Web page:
There’s not a bad song on this CD. Honestly. I’ve actually been putting off writing this review because I’m not sure I can really convey how awesome it is. I think the only way to do this and not have my head explode is to do a track-by-track rundown of how amazing it all is.

Worker Bee: This is just a positive, happy song that sets the pace for the entire album. All of the songs are musically very strong, as well as lyrically descriptive and full. There’s true emotion on the whole album, and it all starts here.

A Life Less Ordinary starts with a really, really happy guitar bit, which fills in with drums and mingles with Justin Pierre’s vocals and it’s fun. Once it hits the chorus it’s also smart and it pulls you in with piano keys and this joyful little guitar.

Her Words Destroyed My Planet is a song that I already loved, and I’ve now figured that the synth-guitar-baby is actually a kazoo. A kazoo! I love that MCS has made a song that is so awesome that adding a kazoo just makes it better, rather than ruining it. You can’t do that to many songs. Also, underneath all of the amazingness is a cowbell. This song is lyrically poignant and musically genius and it’s just… awesome? Amazing? I’m only three songs in and I’m running out of adjectives.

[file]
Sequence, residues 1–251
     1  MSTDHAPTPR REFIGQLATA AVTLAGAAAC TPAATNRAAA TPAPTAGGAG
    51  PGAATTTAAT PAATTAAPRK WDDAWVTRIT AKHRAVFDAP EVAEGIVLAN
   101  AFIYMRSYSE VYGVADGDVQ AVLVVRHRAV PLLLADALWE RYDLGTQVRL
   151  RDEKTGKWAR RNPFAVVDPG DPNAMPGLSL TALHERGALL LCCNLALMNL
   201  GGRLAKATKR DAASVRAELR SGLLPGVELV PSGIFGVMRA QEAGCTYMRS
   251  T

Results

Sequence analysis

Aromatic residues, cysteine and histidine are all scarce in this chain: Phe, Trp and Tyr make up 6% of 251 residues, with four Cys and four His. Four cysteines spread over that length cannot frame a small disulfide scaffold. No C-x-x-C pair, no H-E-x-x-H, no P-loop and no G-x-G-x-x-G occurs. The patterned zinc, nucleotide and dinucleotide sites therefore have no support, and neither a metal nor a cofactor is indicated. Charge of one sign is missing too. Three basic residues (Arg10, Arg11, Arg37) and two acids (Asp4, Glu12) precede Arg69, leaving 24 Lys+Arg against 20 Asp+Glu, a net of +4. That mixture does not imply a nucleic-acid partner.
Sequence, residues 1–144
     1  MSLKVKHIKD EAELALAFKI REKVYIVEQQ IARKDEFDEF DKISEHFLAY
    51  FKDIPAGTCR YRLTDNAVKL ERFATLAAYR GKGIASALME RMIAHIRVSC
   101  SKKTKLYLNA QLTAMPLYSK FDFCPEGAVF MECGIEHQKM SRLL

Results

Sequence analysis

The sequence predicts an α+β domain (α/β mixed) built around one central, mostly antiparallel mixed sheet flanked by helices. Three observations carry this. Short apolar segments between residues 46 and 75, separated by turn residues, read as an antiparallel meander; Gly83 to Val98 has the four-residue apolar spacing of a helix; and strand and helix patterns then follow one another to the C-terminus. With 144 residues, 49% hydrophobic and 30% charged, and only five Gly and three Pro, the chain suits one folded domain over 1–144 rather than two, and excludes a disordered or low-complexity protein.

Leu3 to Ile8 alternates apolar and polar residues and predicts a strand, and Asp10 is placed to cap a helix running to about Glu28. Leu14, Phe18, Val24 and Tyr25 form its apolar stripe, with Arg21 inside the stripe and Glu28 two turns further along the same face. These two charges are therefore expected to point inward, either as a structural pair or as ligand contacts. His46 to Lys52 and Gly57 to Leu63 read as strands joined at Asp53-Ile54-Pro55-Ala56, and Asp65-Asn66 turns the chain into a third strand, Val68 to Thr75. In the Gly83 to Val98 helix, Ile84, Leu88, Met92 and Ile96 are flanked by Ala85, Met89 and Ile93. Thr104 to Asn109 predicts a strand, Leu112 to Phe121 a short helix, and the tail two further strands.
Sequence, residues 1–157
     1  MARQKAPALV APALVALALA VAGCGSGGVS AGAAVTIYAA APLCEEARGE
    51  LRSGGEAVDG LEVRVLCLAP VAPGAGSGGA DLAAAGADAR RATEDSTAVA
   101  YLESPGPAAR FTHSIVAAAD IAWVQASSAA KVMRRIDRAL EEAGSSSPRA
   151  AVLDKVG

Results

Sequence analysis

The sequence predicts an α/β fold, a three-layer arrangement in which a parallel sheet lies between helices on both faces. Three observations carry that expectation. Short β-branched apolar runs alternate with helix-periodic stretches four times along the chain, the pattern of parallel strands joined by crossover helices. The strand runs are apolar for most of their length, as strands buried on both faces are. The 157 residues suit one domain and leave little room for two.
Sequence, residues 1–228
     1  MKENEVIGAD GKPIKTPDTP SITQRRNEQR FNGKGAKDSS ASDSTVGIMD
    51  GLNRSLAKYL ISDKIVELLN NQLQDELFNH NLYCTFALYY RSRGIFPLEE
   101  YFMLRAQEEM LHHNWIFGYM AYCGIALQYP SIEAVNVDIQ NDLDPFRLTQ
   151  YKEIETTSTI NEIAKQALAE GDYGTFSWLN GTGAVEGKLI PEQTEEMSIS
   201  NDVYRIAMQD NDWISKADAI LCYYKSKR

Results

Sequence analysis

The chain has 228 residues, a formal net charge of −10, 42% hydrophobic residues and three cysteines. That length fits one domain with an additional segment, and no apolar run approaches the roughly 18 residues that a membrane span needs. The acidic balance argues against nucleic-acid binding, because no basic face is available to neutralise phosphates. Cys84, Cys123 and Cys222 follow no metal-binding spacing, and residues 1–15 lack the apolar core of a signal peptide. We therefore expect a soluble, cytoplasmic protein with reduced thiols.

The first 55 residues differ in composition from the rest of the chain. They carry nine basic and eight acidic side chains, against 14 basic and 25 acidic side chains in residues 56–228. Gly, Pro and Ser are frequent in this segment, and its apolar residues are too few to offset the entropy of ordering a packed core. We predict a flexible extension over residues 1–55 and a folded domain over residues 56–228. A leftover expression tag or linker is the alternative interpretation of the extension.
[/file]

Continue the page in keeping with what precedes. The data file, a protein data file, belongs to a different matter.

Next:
Disappear is a bit darker, rougher, faster than the previous songs. It feels a lot like their earlier songs. There’s so much anger and emotion, a tangled mix of love and hatred and a desire to run. The guitars and vocals and drums all race together and the huge deep breaths that Pierre has to take between lyrics just adds an edge of fear and desperation that make you truly feel this song.

Delirium: This song holds one of the underlying themes of the record, of going a little crazy and taking a little medication and losing a little bit of your head. Of course “there’s a buzz, there’s a buzz, there’s a buzzing of bugs, from flower beetles, yellow jackets, silverfishes to slugs, it’s always raining caterpillars from the circular fan” was just an apropos line while at work. The bass line is repetitious and it pounds in the idea of going just a touch insane.

History Lesson starts off acoustic, and reminds me a lot of 90s pop music. It’s musically a little plain, but by this point in the songs, it’s a perfect break, a breather. There are violins and it’s soft and relaxed, a song about contemplating the time that’s gone, or not wanting to.

Stand Too Close also starts with an acoustic, but it also has handclaps and cute, quirky vocals. It calls to mind girls in pastel dresses dancing by subway cars in the rain. Don’t even ask me why, but that’s the picture I have in my head. There’s a tambourine and a beat that makes you want to move quietly and softly.

Pulp Fiction begins to take the music faster again, and it’s also reminiscent of their previous records. With Japanese references and the great lyric “like a slasher film I’m torn in opposite directions, the plot sucks but the killings are gorgeous.” This is a grown up MCS playing with their younger sound and it’s perfect without sounding processed or over polished. They know how to write great songs now that appeal to lots of people, but they haven’t lost who they are.